In a recent decision, the Federal Court overturned a decision by a delegate of the Minister of Labour, which had refused to investigate the health and safety complaint of a Canada Border Service Agency employee.
The employee had filed a complaint with the Minister under the Canada Labour Code when CBSA had refused to appoint an impartial investigator to investigate his harassment concerns. CBSA had taken the position that it did not have to investigate the concerns because the employee was off-duty at the time of the alleged harassment, even though the incident took place within the workplace and the alleged harasser was the employee’s supervisor. When considering the employee’s Code complaint, the Minister of Labour’s Delegate refused to investigate the complaint, finding instead that the employee should file a human rights complaint because he was off-duty at the time of the incident.
In its decision, the Court found that the Minister’s Delegate did not have the option to refuse to investigate the employee’s complaint. Instead, the Court found that investigation was a mandatory obligation on the Delegate for this type of complaint, and the Delegate therefore committed an error by refusing to investigate.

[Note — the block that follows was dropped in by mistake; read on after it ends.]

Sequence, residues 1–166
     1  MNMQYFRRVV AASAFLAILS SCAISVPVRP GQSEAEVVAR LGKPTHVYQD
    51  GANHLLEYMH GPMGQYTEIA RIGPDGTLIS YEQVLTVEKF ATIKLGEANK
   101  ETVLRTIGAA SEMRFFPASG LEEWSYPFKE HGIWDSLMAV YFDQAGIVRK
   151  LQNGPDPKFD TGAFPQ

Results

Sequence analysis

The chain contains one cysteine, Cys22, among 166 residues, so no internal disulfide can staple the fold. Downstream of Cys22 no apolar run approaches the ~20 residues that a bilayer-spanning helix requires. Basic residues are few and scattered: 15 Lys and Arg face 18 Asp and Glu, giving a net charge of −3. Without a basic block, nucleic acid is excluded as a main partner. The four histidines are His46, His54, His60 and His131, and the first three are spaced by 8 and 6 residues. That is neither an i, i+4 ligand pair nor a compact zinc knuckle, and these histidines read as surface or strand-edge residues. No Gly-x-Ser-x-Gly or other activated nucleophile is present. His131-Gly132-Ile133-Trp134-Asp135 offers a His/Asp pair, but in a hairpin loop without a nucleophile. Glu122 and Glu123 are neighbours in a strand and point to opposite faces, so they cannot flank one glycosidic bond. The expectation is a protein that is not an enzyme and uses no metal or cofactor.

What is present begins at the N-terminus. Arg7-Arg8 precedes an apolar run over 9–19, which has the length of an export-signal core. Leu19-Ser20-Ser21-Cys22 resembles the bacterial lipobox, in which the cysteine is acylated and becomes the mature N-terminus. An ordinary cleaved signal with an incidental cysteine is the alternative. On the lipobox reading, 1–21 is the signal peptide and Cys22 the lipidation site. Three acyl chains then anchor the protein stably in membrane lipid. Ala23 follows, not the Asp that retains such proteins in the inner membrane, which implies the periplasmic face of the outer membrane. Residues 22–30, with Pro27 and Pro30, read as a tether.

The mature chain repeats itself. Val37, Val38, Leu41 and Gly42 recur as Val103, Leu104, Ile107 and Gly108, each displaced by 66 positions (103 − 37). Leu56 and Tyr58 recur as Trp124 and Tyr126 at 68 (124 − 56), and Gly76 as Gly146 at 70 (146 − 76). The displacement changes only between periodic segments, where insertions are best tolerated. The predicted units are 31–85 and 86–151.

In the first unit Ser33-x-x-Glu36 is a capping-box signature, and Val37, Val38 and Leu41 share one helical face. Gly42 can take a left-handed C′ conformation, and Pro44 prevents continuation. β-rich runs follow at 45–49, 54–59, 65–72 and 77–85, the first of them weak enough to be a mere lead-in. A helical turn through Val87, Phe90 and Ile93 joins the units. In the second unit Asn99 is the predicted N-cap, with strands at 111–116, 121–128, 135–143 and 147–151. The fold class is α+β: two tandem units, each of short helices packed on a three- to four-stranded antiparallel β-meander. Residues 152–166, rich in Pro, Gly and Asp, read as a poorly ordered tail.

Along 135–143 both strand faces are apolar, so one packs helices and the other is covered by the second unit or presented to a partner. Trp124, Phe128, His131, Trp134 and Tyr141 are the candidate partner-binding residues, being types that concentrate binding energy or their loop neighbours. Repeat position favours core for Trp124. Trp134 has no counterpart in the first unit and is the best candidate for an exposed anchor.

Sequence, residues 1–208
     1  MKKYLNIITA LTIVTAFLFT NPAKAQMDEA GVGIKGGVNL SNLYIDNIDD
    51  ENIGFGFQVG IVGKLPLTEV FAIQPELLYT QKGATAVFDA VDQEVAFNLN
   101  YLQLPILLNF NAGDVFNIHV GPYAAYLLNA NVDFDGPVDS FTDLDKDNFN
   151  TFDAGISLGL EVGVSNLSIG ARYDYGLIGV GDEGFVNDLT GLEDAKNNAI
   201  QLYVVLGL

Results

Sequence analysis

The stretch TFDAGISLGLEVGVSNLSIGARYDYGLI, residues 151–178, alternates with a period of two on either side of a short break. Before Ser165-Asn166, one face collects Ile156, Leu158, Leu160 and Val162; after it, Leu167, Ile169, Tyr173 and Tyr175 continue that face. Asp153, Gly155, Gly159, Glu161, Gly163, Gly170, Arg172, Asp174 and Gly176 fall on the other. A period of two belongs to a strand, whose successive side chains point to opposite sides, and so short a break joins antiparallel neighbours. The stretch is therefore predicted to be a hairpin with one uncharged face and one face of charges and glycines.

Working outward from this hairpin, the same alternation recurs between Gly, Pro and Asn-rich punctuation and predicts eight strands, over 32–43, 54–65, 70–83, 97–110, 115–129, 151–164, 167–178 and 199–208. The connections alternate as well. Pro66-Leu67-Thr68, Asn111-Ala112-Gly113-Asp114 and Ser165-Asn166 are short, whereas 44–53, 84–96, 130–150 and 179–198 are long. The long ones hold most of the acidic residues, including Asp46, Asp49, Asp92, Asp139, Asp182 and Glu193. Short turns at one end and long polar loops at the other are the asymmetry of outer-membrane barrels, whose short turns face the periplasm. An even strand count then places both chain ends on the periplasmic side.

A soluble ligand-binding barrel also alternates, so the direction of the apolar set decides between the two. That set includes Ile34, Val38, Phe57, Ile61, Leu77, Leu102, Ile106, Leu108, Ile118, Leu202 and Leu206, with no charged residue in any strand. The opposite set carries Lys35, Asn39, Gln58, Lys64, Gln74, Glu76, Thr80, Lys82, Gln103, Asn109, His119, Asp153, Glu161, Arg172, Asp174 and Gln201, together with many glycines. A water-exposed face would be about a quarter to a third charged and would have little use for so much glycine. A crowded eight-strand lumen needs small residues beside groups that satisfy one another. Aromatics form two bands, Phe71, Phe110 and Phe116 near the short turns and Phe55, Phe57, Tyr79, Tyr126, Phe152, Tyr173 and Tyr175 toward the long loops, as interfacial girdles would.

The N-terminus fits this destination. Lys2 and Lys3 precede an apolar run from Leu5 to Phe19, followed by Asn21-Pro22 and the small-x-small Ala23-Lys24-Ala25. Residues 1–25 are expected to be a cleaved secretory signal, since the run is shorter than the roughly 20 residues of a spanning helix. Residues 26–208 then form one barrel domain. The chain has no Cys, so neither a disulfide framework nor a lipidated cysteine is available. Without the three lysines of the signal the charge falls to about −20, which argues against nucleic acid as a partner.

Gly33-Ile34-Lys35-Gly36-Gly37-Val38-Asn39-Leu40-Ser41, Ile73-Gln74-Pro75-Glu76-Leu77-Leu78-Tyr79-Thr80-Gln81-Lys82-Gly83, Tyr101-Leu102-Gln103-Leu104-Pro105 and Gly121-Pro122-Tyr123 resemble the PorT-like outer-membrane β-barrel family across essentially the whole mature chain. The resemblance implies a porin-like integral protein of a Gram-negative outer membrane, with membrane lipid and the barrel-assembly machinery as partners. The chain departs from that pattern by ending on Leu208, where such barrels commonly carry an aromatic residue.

In addition, the Court strongly questioned whether it was appropriate to deny the employee harassment protections under the Code because he was off-duty at the time of the incident. As the Court stated:
“While the Applicant was in fact off-duty when the incident occurred… it remains that the Applicant was still in his place of work and the agent of the alleged harassment and violence was the Applicant’s supervisor. Therefore, it becomes difficult to disregard the employee-employer connection in this incident, and the fact that the effects of the incident are evidently different for the Applicant than for a regular traveller who is not employed by the CBSA. Since the place, the tone, and the circumstances of the incident are indicative of the existence of a nexus between the incident of violence and the work place, the issue becomes whether or not the incident itself constitutes harassment and violence. The Respondent’s submissions seem to suggest that if an employee acts within the requirements of their job, as provided for by their work policy or statute, their actions against an off-duty employee while in the place of work cannot constitute harassment or work place violence. I agree with the Applicant that this could set a concerning precedent…”
Based on its analysis, the Court set aside the Minister’s Delegate’s decision and referred the matter back for a new decision.
The Applicant was represented by Morgan Rowe of RavenLaw.